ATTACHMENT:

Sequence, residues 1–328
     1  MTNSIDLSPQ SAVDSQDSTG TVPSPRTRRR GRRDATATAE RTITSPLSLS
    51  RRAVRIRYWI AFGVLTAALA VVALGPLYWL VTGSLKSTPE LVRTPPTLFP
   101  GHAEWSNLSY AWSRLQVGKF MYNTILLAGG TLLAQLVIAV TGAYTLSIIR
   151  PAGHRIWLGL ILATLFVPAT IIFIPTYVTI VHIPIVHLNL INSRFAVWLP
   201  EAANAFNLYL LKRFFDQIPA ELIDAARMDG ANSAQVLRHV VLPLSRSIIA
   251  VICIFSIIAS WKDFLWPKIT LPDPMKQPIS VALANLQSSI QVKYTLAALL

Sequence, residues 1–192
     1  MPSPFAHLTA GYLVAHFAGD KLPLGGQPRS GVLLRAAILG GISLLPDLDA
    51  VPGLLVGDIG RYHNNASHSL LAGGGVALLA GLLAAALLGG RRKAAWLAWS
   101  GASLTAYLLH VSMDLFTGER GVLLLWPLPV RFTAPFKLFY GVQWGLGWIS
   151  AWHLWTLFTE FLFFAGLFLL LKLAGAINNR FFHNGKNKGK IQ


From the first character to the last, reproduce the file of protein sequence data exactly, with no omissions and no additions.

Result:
Sequence, residues 1–328
     1  MTNSIDLSPQ SAVDSQDSTG TVPSPRTRRR GRRDATATAE RTITSPLSLS
    51  RRAVRIRYWI AFGVLTAALA VVALGPLYWL VTGSLKSTPE LVRTPPTLFP
   101  GHAEWSNLSY AWSRLQVGKF MYNTILLAGG TLLAQLVIAV TGAYTLSIIR
   151  PAGHRIWLGL ILATLFVPAT IIFIPTYVTI VHIPIVHLNL INSRFAVWLP
   201  EAANAFNLYL LKRFFDQIPA ELIDAARMDG ANSAQVLRHV VLPLSRSIIA
   251  VICIFSIIAS WKDFLWPKIT LPDPMKQPIS VALANLQSSI QVKYTLAALL

Sequence, residues 1–192
     1  MPSPFAHLTA GYLVAHFAGD KLPLGGQPRS GVLLRAAILG GISLLPDLDA
    51  VPGLLVGDIG RYHNNASHSL LAGGGVALLA GLLAAALLGG RRKAAWLAWS
   101  GASLTAYLLH VSMDLFTGER GVLLLWPLPV RFTAPFKLFY GVQWGLGWIS
   151  AWHLWTLFTE FLFFAGLFLL LKLAGAINNR FFHNGKNKGK IQ